Life’s Oddities: The Platypus

Before I begin I will introduce my new site, in this blog I will talk about life’s strange and weird creatures that I find just as, if not more interesting to learn about than domesticated animals.

The Platypus

The Platypus has been described as the bits left over in God’s animal parts bin that he just “stuck” together , displaying features from a beaver (tail), a duck (bill and feet) and a small mammal (fur), however the Platypus displays other features apart from the ones we are taught in first school.

The platypus is one of only 3 mammals to lay eggs and belongs to a family called Monotremes, http://en.wikipedia.org/wiki/Monotreme , the other two being the long and short nosed Echinda (an anteater), http://en.wikipedia.org/wiki/Echidna  . This egg then develops and a small foetus-like undeveloped Platypus emerges, following a similar reproductive theme to that of Marsupials.

The young Platypus is different to an adult however in the sense that it has an egg tooth to break through the eggs leathery surface that drops off after a week or so, something that is more commonly seen in birds. Once the egg hatches the young develops in a pouch in the parent’s underside (like some Marsupials).

Once inside the parents pouch, the mother produces the mammalian specialty, milk, for which to feed its young. This milk is not delivered via the conventional means of a teat like in most mammals but instead, milk oozes from pores in its skin where it is channelled via hairs and folds in its skin into pits where the young can lap up the milk.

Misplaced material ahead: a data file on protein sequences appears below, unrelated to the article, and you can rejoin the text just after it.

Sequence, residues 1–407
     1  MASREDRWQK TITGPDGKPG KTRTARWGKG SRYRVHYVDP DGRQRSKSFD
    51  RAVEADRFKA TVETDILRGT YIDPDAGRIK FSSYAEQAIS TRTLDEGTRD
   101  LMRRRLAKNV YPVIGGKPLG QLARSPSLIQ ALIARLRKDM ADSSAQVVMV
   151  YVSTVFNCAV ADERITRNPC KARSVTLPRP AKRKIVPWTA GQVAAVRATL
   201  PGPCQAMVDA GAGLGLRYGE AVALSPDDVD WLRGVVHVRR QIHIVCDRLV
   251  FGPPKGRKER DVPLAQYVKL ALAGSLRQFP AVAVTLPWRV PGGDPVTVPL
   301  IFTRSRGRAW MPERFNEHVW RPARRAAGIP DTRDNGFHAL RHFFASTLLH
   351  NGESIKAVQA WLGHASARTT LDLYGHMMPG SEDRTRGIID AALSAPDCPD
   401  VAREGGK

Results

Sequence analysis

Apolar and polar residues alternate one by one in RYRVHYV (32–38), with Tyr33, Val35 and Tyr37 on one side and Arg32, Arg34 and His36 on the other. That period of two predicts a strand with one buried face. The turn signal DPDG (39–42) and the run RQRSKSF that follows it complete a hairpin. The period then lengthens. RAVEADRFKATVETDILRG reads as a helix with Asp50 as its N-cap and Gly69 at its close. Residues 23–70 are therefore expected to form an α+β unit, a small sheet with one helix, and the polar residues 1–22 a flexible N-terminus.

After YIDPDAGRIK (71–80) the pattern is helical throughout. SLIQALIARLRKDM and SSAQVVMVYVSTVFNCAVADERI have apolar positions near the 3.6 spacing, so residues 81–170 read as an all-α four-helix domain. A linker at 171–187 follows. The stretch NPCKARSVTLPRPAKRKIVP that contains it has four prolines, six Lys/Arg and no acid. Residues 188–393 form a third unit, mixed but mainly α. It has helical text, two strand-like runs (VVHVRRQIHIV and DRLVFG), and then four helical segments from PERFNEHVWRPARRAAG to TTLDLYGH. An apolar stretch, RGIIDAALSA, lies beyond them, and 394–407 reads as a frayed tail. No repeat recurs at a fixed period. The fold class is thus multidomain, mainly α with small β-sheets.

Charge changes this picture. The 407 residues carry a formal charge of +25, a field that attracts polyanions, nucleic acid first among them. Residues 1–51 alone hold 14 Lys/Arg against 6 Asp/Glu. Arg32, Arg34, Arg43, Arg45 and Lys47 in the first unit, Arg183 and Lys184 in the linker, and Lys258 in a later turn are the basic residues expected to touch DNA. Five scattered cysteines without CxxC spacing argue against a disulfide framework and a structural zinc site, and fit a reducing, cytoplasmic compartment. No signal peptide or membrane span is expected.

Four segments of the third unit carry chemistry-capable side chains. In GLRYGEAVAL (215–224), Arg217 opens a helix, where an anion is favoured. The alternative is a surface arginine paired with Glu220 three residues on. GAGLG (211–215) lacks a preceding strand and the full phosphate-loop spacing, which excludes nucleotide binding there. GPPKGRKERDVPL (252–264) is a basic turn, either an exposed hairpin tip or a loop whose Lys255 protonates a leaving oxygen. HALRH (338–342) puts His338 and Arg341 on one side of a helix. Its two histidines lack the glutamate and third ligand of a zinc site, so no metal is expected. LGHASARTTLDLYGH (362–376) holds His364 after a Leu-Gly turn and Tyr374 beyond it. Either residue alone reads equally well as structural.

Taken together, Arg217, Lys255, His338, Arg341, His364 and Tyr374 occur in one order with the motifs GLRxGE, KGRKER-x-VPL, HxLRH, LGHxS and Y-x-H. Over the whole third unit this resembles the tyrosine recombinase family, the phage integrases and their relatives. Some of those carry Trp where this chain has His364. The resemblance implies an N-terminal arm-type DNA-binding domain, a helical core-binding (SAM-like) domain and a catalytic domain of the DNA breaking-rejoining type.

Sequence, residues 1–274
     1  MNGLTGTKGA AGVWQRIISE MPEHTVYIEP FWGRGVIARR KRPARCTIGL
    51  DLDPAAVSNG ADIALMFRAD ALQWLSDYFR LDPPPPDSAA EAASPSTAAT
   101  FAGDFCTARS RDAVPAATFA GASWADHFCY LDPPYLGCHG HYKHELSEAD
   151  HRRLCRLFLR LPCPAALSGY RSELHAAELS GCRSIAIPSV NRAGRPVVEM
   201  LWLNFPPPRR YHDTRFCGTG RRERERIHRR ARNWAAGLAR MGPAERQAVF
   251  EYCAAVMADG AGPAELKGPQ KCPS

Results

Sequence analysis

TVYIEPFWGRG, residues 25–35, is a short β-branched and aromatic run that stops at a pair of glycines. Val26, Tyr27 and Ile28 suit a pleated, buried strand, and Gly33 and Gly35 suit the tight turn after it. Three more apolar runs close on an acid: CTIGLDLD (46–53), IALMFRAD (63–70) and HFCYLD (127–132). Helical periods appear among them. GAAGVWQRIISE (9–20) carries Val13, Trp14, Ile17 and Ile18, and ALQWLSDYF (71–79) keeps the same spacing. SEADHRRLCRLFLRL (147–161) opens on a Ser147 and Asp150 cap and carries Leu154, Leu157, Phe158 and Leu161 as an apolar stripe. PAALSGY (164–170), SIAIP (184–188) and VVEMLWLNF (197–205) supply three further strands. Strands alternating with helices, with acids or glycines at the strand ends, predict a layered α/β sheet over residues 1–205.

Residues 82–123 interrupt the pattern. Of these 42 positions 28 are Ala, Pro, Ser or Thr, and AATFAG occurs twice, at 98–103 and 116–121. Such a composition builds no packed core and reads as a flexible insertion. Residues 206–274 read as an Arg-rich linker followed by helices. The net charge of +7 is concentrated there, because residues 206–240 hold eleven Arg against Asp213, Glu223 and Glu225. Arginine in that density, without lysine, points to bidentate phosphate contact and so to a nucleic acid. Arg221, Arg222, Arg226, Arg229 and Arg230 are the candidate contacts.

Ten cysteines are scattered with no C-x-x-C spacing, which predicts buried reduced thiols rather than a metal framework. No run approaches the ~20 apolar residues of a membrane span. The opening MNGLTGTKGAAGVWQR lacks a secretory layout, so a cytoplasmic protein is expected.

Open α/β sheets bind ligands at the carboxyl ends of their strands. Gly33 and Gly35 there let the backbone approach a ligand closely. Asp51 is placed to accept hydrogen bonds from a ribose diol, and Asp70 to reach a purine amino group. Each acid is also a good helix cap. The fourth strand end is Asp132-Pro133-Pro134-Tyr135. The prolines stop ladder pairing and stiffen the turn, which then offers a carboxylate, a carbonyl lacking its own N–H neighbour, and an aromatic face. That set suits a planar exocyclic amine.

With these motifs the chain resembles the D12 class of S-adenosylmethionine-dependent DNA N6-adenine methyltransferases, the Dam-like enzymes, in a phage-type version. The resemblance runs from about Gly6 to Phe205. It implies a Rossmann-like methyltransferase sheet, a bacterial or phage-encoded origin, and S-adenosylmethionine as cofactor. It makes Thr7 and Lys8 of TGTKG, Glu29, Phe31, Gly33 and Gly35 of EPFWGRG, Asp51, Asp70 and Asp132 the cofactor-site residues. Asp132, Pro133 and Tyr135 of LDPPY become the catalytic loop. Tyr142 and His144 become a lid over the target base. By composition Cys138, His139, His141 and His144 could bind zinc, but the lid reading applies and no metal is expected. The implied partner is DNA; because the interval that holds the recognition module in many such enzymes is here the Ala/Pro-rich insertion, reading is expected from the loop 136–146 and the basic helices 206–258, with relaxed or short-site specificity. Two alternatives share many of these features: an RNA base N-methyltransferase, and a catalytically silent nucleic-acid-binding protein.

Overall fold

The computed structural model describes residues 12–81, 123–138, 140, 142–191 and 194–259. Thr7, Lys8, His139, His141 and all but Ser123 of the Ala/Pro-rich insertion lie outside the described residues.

The Male platypus also has two venomous barbs at the bottom of its hind legs that some say are used in some way to display dominance during the mating season. The venomous barbs are present in both male and female platypus, but the barb falls off in females during development into sexual maturity. The poison is deadly to small animals such as dogs and cats but causes only severe pain to humans, and Oedema rapidly forms around the wound that can spread to a larger area if untreated. The poison is comprised mainly of DLP’s (Defensin-like proteins) http://en.wikipedia.org/wiki/Defensin  three of which specific to the Platypus.

I find the platypus fascinating, as you can tell it displays traits and behaviours from many species and many different types of animals making it an excellent animal to study.

There is more information on the Platypus here if you wish to learn more, such as the way in which the Platypus find its food to how it keeps warm in the cold waters, for you AS-Biology students out there, you will know that being a smaller mammal this increases their surface area to volume ratio resulting in a more rapid heat loss compared to larger mammals making it a complication for prolonged exposure to cold temperatures, especially in water as it conducts heat away from the body 1.2 joules faster than in air (25 times faster).

http://en.wikipedia.org/wiki/Platypus#Venom

Elliott

I will have more information on what next week’s animal will be closer the time

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